Please get in touch with me and share the sayings that you like. Here are a few from the European Day of Languages website.

Some of these will have us all laughing like a drain and wetting ourselves. For example in English we say, ‘There’s no use crying over spilt milk’, but in Wales (apparently) they say, ‘Paid â chodi pais ar ôl piso’ (‘don’t lift a petticoat after peeing’). In English we say ‘It’s raining cats and dogs’, while the French say (allegedly) ‘Il pleut comme une vache qui pisse.’ I’ll leave you to translate that one yourself.

Now that really takes the biscuit.

Take care out there


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6 responses to “An idiom abroad. Sleeping like a baby, a log, or a top and trying to use as many English idioms as possible. With help from Peter Sellers, Roachford, Sir Lawrence Olivier and Alan Partridge!”

  1. My mother’s favourite for dirty children was “Black as the devil’s nutting bag” – understood I think by mining communities and when astounded would always say “I’ll go to the foot of our stairs!” and when things could not be found they were “up in Annie’s room behind the clock”
    I think that it is really intersting that children’s understanding of idioms develops almost alongside their understanding of sarcasm – adults really make English complicated, but what a poorer, less rich language we would have without those complications!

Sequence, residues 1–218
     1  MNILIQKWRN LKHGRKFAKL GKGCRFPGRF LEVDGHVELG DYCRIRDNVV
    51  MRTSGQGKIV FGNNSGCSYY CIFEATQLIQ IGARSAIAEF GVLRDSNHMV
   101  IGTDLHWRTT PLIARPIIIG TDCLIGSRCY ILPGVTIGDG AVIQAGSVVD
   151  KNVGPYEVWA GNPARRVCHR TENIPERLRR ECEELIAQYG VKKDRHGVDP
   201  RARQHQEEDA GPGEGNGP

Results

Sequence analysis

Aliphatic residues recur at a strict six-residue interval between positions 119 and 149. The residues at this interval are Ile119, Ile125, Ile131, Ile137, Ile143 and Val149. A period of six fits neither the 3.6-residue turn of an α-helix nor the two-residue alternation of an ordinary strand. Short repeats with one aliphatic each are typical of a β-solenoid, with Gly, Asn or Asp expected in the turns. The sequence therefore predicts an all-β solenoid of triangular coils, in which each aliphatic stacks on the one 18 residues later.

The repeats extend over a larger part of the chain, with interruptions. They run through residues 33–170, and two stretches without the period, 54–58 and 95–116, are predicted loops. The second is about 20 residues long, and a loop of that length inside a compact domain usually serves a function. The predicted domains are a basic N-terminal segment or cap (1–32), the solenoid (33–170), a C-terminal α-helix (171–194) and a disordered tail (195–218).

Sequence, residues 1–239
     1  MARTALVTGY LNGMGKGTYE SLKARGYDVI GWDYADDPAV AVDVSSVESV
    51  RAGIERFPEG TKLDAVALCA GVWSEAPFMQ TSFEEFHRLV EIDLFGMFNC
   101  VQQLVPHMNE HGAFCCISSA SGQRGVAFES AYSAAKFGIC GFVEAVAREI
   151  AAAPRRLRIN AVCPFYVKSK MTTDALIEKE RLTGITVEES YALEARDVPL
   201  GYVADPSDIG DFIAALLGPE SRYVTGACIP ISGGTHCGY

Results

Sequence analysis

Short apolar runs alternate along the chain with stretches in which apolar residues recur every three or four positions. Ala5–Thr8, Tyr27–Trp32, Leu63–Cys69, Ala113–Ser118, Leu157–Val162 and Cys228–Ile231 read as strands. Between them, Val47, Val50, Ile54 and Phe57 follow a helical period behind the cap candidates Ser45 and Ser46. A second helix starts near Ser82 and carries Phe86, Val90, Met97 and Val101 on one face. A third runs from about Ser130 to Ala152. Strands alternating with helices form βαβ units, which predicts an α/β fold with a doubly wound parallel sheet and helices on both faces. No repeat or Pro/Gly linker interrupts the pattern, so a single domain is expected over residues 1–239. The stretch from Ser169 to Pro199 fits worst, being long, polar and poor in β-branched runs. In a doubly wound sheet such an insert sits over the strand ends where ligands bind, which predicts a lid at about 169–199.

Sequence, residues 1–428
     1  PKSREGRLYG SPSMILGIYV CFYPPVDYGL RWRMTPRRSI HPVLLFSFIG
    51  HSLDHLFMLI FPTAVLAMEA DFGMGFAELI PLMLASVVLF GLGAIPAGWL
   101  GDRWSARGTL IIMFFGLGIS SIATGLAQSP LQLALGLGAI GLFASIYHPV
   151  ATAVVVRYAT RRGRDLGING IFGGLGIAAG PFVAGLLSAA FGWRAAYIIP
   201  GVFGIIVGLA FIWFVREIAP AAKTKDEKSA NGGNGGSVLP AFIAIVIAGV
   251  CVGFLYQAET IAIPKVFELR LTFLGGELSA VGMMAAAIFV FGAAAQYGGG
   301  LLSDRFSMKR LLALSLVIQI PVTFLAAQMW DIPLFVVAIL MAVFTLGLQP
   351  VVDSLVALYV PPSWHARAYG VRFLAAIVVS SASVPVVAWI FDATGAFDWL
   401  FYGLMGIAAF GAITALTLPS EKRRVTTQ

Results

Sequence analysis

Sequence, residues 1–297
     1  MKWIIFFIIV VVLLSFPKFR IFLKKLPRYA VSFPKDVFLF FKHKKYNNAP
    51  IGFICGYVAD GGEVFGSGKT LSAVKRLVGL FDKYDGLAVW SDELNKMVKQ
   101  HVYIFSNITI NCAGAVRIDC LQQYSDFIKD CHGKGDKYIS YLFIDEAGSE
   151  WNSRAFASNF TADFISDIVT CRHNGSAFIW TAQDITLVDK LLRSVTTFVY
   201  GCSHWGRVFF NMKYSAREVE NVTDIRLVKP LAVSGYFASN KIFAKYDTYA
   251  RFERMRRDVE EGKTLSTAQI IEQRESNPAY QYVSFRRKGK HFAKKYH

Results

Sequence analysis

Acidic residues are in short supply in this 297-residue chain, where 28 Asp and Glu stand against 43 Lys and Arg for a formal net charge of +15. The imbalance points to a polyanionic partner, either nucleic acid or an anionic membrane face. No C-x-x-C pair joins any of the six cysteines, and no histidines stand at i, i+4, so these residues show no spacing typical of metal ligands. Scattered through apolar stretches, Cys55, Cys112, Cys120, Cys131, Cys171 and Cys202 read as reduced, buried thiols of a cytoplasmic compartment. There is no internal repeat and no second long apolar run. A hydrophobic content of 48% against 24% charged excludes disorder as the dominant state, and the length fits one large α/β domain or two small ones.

• Michael Jones says:

      Hello Felicity!
      Could those be the most obscure, yet truly fascinating set of idioms in English?!
      All languages have idioms, and we should use them. That’s an interesting point you make about children’s understanding of sarcasm and idioms. I guess it’s something to do with the growing awareness that words can have many meanings. Sarcasm is often portrayed by tone of voice and facial expression, ( i.e. a purposeful mismatch between the two.) so children must need quite a complex grasp of communication to understand that you can say one thing, but mean the other.
      Many thanks for your comment
      Best wishes

  2. Elly Foster says:

    Hi Michael, you really made me laugh. I hadn’t heard the one about the carrot (the Dutch one) but here is a really silly one from the Netherlands. In Dutch it is: Ik heb er een broertje aan dood. Translated into English: I have a little brother dead to it. Meaning: I really hate doing this. My mother knew loads of idioms. My Welsh dictionary has a whole section devoted to Welsh idioms. I think they’re great. On the subject of sarcasm, I have noticed that my pupils use this word, and the word ironic, to a far greater extent in the last couple of years. Is this thanks to social media? Elly

    • Michael Jones says:

      Thanks Elly!
      Which words do the youngsters that you teach use? Social media is their world now, I guess.
      We were discussing who might be classed as an ‘extrovert’ and a good definition is ‘ a person who gets their energy from other people.’ One of the delegates wondered if you could apply this to someone who does a lot of social networking via the Internet. It’s an interesting thought!

  3. Alice says:

    Hi Michael, I didn’t realise how some of my everyday language gets picked up by my reception children! I told a child that they were ‘on a roll!’ He replied ‘do you mean a sausage roll?’ That put a smile on my face!